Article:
Hi my dog has a couple of pink circle things kinda looks like ticks and it get bigger and bigger it isnt that big but it looks like it is , can it be a tumor ? I adore this dog he has saved mine and my sisters life we cant lose him he means the world to me , he has gotten hit by a car before but he has recovered well could that affect anything ? We rescued him so we dont have any medical papers i think we got him when he was 4 please if theres any information that you can give us please do thank you .

    • Dr. Demian Dressler on October 20, 2011 at 8:05 pm

      Dear Fane
      please take your dog to the veterinarian. He means a lot to you and deserves good medical care. It could be a skin infection, a tumor, bleeding on the inside, fungal infections, or a variety of other issues. Get it checked out please

  7. Jay on March 31, 2011 at 9:13 pm

    I am having the same exact issues with my 13yr old dog as MATT above, they have drained fluid (almost a liter) from around the lungs and heart, and today drained the actual sac I guess..
    They say the only other step is a surgery to remove the sac or something..I havent paid much attention, because I have been so bummed out about the whole situation. I am so confused, because it may work or may continue to build up….anyone have other thoughts or ideas?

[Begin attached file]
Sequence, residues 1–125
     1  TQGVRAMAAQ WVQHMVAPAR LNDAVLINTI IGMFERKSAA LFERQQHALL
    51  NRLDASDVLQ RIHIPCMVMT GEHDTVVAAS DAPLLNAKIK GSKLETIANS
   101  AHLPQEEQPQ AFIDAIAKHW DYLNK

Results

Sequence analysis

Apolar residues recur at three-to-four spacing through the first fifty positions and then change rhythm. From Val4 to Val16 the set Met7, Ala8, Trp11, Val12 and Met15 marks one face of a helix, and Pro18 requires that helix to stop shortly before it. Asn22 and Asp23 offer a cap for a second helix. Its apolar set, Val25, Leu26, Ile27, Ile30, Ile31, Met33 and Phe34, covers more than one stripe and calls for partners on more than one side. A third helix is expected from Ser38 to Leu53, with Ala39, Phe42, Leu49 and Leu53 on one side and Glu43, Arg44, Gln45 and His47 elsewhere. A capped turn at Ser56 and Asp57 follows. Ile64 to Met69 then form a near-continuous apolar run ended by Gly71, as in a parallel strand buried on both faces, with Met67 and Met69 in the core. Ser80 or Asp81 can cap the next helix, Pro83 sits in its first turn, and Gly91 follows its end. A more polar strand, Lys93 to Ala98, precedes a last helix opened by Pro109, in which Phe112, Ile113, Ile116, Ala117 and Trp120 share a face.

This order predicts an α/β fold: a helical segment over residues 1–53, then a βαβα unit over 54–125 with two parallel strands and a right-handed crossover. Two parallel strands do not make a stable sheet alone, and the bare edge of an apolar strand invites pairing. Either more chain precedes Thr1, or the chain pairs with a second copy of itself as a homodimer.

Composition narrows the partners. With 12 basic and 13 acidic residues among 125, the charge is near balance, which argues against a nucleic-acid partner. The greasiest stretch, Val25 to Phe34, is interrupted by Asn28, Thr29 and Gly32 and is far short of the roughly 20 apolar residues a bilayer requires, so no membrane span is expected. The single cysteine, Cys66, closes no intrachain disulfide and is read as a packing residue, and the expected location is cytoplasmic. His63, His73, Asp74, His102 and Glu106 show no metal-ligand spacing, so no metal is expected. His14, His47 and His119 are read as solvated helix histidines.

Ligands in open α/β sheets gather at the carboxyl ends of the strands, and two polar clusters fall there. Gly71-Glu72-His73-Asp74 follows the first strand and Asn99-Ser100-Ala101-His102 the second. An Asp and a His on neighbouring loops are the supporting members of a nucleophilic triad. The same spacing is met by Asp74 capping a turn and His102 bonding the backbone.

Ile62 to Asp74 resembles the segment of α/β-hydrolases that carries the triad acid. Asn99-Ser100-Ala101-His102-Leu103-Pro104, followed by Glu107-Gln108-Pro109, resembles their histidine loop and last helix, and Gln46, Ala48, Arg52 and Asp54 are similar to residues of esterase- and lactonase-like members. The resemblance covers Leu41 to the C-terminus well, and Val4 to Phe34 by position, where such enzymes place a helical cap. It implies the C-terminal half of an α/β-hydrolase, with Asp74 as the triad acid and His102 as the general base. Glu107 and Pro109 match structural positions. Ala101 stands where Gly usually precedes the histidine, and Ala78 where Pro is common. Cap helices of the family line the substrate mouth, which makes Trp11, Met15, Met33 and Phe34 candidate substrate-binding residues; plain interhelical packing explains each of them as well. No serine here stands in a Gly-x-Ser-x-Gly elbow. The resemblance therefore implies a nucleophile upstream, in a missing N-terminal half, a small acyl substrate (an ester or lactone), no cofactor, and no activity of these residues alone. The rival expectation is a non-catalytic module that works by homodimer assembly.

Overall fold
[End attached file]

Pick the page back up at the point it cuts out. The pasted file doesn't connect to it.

thank you,

  8. Matt on March 3, 2011 at 2:28 pm

    Our dog has been diagnosed with a large tumor near her heart. She passed out today apparently from pressure on her heart due to internal bleeding I believe from the tumor. The tumor i apparently half the size of her heart and the blood is filling the sac around the heart. They have drained the fluid and she is now home but we were told that trying to remove the tumor so close to the heart is almost always fatal and she is . Do you have any guidance for me? Thanks so much. She is the most special dog and we don’t want to lose her.

    • DemianDressler on March 8, 2011 at 9:55 pm

      Dear Matt,
      this is really tough. Is she on any cardiac medications? Have you started the dog cancer diet (free download on top of this site page)? Any supplements from the Guide?
      Removal of these tumors, I am sorry to say, is often not possible. Be strong in this difficult time,
      Dr D

  9. Vanessa on July 2, 2010 at 9:40 am

    What is the success rate about surgery on a tumor at the anal gland?

  10. terry on September 12, 2009 at 5:47 pm

    lumps on stomach not attached non painful